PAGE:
Reading the letter to my lackluster friend did not even make him stir.  Knowing the somewhat perverse delight Cavish takes in the most dreadful horrors this world has to offer, and also taking into consideration his deep love of smoking pipes, I concluded the only hope of rousing him from the lethargic stupor in which he was trapped might be the sight of the desecrated pipe.  I tossed the photograph and printout on his chest that might have been that of a corpse.  As I turned away, I heard Cavish sit up on the couch.  Turning back to face him the next instant, I saw him hunched over his laptop on the coffee table cluttered with many documents only he was permitted to touch.  Moving so that I could watch over his shoulder, I noticed he had pulled up the website from which the printout was made so that he could read the entire text in its original French, which he spoke fluently in addition to Latin, German, Dutch, Italian and Iranian, to name those I have identified.

“The game is afoot!” Cavish said with refreshed vigor.  I shook my head and sighed with no small amount of relief as he stood and began pacing in excitement.  I, on the other hand, needed a break and decided I deserved one for the part I played in reviving him.  Retiring to the comfort of my armchair, I took up an elegant new briar wood prince possessing the tightest vertical grain that I found at my local shop and filled it with a handy Balkan blend.  Already, I had a fine beginning of a collection thanks to a certain compulsion to acquire more and more that I blamed on the bad influence Cavish had on me.  Indeed, the compulsion verged on a disorder.


The masthead of the site, Cavish translated, read “These Pipes Like No Others.”  Succumbing to an uncontrollable urge, I wagered the Dunhill displayed in the blog and photograph just arrived in the mail was clearly well smoked and previously lightly enjoyed. *  I shall savor for the rest of my life the rare flash of utter incredulity on my friend’s face that dissolved back into his typical working countenance of gravest contemplation when he deduced I had to be joking.

“She is extraordinary,” Cavish said, almost in a whisper.  I took a moment to realize he was speaking of the pipe.  “The outer simplicity obscures an inner complexity.”

“No doubt,” I said for the sake of good manners.

Still pacing about the room, Cavish recited the entire text of the blog from memory after his single reading of it online.  In the interest of brevity, I will paraphrase the key points of interest in the blogger’s quite stylish and eloquent narrative detailing his theories relating to the cause of the Dunhill’s destruction.  The general theme as stated in the second sentence was that, whatever act of brutality indeed brought about the end of the pipe’s days of usefulness to anyone, the once noble but now wretched thing was murdered.  Counting myself an aficionado of tobacco pipes, I appreciated the writer’s dramatic use of personification.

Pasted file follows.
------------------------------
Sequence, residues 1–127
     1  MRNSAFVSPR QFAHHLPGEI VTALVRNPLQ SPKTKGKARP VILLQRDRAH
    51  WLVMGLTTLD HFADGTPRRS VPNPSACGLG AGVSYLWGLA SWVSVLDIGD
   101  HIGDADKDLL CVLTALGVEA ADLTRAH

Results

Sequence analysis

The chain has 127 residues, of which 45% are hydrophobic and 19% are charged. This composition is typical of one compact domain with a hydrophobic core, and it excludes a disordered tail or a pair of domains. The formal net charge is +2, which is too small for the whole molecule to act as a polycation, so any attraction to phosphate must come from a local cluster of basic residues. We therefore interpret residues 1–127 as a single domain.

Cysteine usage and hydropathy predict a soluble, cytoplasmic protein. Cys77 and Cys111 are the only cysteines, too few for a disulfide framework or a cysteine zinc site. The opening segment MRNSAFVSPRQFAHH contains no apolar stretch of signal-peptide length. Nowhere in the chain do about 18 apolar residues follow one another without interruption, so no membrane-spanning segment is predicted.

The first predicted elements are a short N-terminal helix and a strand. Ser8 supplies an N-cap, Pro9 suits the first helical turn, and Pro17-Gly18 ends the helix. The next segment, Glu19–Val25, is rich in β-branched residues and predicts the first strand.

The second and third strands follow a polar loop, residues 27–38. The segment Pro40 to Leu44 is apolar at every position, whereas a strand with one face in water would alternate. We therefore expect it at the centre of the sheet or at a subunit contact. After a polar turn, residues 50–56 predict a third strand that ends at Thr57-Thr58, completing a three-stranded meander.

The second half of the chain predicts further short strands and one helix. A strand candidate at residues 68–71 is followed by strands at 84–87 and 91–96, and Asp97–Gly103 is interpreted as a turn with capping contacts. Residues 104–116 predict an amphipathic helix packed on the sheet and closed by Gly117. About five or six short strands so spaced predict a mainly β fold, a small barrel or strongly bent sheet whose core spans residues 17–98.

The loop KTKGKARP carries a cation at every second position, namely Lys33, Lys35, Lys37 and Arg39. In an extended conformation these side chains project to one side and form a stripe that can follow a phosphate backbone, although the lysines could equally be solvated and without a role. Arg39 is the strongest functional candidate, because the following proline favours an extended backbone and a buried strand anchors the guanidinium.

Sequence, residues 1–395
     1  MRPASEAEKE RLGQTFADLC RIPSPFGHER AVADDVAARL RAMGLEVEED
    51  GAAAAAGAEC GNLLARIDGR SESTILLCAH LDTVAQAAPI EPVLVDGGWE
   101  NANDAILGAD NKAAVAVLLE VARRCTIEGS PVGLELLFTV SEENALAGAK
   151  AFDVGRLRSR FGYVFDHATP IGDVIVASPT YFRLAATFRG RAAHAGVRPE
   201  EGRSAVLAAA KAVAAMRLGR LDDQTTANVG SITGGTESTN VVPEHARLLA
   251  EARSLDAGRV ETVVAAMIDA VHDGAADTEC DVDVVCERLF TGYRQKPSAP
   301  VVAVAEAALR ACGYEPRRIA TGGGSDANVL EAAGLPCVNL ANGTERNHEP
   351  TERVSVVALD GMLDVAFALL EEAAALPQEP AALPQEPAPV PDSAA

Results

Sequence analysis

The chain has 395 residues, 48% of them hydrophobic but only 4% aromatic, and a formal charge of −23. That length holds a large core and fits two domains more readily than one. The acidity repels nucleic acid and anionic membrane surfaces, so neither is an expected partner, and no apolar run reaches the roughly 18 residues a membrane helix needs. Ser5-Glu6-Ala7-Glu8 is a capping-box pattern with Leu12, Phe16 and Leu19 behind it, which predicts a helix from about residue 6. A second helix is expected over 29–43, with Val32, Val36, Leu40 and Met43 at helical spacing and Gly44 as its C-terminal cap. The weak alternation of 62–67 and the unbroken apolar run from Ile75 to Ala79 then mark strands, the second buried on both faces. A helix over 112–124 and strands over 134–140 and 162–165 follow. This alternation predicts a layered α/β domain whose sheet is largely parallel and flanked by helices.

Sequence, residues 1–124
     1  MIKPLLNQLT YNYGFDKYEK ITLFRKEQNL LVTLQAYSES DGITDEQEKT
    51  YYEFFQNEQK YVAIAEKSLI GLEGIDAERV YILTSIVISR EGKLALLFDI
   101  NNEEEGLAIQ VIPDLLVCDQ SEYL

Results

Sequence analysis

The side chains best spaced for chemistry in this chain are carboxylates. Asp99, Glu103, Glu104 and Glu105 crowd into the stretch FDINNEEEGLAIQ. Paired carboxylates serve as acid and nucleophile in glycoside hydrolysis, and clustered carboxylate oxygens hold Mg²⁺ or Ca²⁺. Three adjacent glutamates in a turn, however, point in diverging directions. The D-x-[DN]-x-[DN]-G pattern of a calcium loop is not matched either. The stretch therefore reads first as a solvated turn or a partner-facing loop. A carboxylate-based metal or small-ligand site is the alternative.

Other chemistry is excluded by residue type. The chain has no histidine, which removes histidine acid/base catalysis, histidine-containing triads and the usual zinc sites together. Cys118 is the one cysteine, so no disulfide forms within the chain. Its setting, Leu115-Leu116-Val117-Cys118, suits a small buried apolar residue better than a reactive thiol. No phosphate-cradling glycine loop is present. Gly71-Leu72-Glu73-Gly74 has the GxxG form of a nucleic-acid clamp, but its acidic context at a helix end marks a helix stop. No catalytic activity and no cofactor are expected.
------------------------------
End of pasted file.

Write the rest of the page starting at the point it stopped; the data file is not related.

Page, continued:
When the gruesome remains were discovered, two immediate types of suspects were considered, the more likely being a lone assassin acting on his own insane motives, and the other a terrorist group.  The latter theory raised the possibility of a political link, perhaps the Front de Lutte Anti-Tabac (F.L.A.T.), in English the Fight Against Tobacco Front.  Whoever ended the pipe’s life, the blogger concluded, chose Dunhill rather than any other brand for the general regard of the old British house as perhaps the world’s most iconic maker.  The impact of the act of extreme violence would therefore engender outrage and consternation among pipe enjoyers everywhere.

“It is quite a two-pipe problem, and I beg that you won’t speak to me for thirty minutes,” Cavish said in characteristically blunt form.  Even with what I knew of his machine-like reasoning ability, I was impressed with the time in which he expected to solve the mystery.


I can only conjecture that Cavish chose a striking natural finish Dunhill Canadian as his own way of paying respect to the victim.  In silence, as requested, and as unobtrusively as possible, I watched while he loaded the pipe with Dunhill White Spot, an English blend not available in this country that he somehow managed to acquire, no doubt through one of his many private sources.  He lay back in the chair, stretching his legs out before him and crossing his ankles as was his habit when formulating his inscrutable conclusions.  After savoring the one fill, he repeated the process.  When the last of the smoke trailed off, I glanced at the clock and observed the prescribed half-hour had passed to the minute.  My friend sat bolt upright and, his eyes glinting through narrow slits, stood.  I waited with greater than average anticipation for him to begin.